Can Group And Blended Contracts Help Spark More LTC Sales?

The customer recognizes the long term care need. Companies develop a multitude of products to satisfy the LTC need. Multiple companies in the marketplace increase competition so competitively priced product is available. Theres awareness by customers that companies have developed the products.

It all seems like the beginning of a successful product life cycle and many sales success stories. But the product isnt being bought as expected. Sales have been faltering. Companies have exited the marketplace. Prices have increased.

The statistics are startling: According to Monitoring Attitudes of the Public 2004, a survey from the American Council of Life Insurers, Washington, 69% of affluent Americans “agreed that people need to protect themselves against long term care expenses.” This was consistent with 2002 findings showing 68% “felt being able to afford long-term nursing and home care was important in retirement planning.”

Who do consumers think will pay for LTC needs? In the same 2002 survey, 32% said “you or your spouse” and 21% said “long term care insurance.” So, over half the respondents felt that either self-paying or relying on LTC insurance was going to be essential to paying for LTC.

But LTC sales have been struggling. According to the 2003 Annual Executive Summary for LTC Insurance and Medicare Supplement report by LIMRA International, Windsor, Conn., there were 11% fewer individual buyers in 2003 compared with 2002. New premium decreased 7% bringing the compound annual growth rate for the 5-year period from 1998-2003 to only 4%.

Right need, wrong product? Perhaps. Certainly the demographics would indicate that LTC insurance protection should be a tremendous sales opportunity, but maybe its the product being sold and/or how it is sold?

While LTC sales and product development generally are focused on the individual marketplace, this is about to change as more companies pinpoint resources on group/worksite sales and “blended” individual policies to satisfy the LTC need. Well look at both prospects here.

Group LTC insurance. The ACLI survey indicated that 19% of individuals thought (incorrectly) that Medicare would pay for LTC needs and an additional 12% thought “health insurance” would provide the coverage. It certainly seems as if many individuals dont really understand what their group health plan or the government really will provide.

Idea: The open enrollment period for health insurance is a perfect place to discuss LTC needs. Too many times, these sessions describe how great a particular health plan is for an employee, without touching on the negatives (which are a sensitive subject, especially since group health rates keep increasing). But a group LTC sale probably would be a natural outcome of such sessions, if the presentation were modified slightly to describe what a group plan really covers, and more importantly, doesnt cover, as well as what Medicaid and Medicare cover and dont cover.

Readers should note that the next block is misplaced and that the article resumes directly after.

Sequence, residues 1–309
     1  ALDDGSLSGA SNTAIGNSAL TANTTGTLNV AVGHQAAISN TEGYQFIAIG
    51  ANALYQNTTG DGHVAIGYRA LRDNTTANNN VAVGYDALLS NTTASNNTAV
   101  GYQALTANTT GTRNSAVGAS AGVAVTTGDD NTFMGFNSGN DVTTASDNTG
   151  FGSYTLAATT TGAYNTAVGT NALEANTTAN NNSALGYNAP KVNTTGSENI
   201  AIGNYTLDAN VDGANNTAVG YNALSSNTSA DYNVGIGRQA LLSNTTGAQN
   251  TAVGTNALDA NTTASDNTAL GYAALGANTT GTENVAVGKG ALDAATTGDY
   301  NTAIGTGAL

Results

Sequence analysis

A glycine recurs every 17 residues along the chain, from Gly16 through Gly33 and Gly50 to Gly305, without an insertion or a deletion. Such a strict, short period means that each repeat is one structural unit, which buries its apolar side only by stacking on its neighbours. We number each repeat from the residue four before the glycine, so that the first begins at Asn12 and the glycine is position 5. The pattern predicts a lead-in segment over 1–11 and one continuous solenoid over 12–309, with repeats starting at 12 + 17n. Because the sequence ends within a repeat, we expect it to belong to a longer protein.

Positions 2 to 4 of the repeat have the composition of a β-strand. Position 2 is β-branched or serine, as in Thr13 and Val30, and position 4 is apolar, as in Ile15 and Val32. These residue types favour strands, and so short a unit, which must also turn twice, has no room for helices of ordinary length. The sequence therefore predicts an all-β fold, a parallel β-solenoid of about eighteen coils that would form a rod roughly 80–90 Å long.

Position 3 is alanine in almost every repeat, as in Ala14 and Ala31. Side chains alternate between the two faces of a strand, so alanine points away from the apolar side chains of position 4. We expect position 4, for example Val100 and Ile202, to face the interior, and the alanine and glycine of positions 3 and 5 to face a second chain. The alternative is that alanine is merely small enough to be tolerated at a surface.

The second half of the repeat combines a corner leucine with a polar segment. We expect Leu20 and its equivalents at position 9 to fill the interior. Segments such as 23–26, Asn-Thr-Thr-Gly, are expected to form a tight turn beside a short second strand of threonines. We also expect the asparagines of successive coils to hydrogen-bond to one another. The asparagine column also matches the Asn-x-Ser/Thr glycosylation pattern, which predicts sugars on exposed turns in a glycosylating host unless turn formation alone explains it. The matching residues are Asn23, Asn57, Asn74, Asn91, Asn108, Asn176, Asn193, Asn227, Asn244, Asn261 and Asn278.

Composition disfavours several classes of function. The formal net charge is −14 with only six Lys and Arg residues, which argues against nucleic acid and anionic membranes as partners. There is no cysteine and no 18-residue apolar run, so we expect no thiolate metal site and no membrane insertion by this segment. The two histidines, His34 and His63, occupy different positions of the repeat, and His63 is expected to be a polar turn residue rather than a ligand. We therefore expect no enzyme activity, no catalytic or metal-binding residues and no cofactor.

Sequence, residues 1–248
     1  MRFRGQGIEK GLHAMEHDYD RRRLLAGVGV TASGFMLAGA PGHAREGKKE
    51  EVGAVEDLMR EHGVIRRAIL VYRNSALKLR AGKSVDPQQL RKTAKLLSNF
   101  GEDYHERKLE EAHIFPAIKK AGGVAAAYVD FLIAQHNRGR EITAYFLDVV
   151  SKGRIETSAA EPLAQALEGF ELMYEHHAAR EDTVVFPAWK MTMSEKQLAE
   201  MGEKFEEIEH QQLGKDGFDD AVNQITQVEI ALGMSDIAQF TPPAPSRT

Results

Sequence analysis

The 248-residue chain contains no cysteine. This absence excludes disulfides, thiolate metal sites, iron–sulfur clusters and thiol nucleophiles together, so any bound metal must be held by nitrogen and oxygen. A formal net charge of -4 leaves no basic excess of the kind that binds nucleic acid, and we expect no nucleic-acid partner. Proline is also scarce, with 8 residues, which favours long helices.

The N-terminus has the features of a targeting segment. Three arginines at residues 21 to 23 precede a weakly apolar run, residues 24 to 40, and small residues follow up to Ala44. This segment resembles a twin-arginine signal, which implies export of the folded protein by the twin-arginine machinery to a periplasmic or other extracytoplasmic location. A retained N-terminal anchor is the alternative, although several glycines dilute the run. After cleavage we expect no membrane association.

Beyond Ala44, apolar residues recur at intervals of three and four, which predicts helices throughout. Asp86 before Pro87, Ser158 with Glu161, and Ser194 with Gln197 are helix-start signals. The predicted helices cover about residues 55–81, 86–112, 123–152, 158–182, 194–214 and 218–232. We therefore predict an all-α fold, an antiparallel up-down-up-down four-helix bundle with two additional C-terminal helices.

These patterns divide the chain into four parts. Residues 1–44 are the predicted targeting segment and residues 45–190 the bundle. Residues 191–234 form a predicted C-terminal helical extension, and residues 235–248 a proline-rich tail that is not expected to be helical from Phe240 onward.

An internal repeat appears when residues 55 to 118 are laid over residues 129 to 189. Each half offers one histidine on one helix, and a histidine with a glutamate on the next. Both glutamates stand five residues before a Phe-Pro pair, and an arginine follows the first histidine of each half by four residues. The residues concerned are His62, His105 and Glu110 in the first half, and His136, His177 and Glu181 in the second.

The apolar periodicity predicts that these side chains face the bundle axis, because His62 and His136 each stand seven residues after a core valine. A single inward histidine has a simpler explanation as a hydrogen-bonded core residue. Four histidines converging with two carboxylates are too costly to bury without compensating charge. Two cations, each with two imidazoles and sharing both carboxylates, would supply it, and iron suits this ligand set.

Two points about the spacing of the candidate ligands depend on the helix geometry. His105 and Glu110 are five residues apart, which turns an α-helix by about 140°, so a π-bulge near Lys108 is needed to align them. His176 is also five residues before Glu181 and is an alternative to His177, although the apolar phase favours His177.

For the insurers, it would seem that the morbidity experience, which has been less than stellar on individual LTC plans, naturally would be better on larger group plans.

Of course, the icing on the cake would be the proposed above-the-line tax deduction that would allow people to get a tax break for buying LTC insurance. Or the proposal from Rep. Lee Terry, a Nebraska Republican, would also help; he has introduced legislation that would allow people to pay their LTC premiums with IRA or 401(k) accounts. If either proposal gets enacted, the public would win.

Blended individual policies. The “blended” insurance products combine life insurance with a tax-advantaged early acceleration of death benefit for those able to satisfy the usual LTC triggers (2 out of 6 activities of daily living or severe cognitive impairment).

These contracts are certainly a needs-satisfier from a customer perspective, because they enable the policyholder to become the beneficiary of his or her own life insurance policy. However, these contracts have proven to be a sales challenge. It has been very difficult to train a successful LTC producer to learn enough about life insurance to make an effective blended policy sale. At the same time, the successful life producers many times dont want to learn the nuances of the health/LTC field.

Idea: As more and more companies develop blended policies and as sales of individual LTC policies continue to decline, this problem may be rectified. But speaking as a representative of an insurer that offers blended policies on all 3 life product chassis (whole life, universal life and variable universal life), its been an uphill battle. The successful companies will be the ones that overcome this hurdle. If individual LTC sales continue to be slow, its likely that more and more LTC agents will be forced to learn about and sell these blended contractsbecause they are an alternative market.

In conclusion, the LTC marketplace continues to show tremendous promise, but the product and distribution method will need to continue to evolve to take full advantage of the opportunity.

Michael S. Pinkans, CFA, CFP, CLU, ChFC, is a registered representative and investment advisor with Equity Services Inc. and vice president of sales and promotion at National Life Insurance Company, Montpelier, Vt. His e-mail address is mpinkans@nationallife.com.


Reproduced from National Underwriter Edition, January 20, 2005. Copyright 2005 by The National Underwriter Company in the serial publication. All rights reserved.Copyright in this article as an independent work may be held by the author.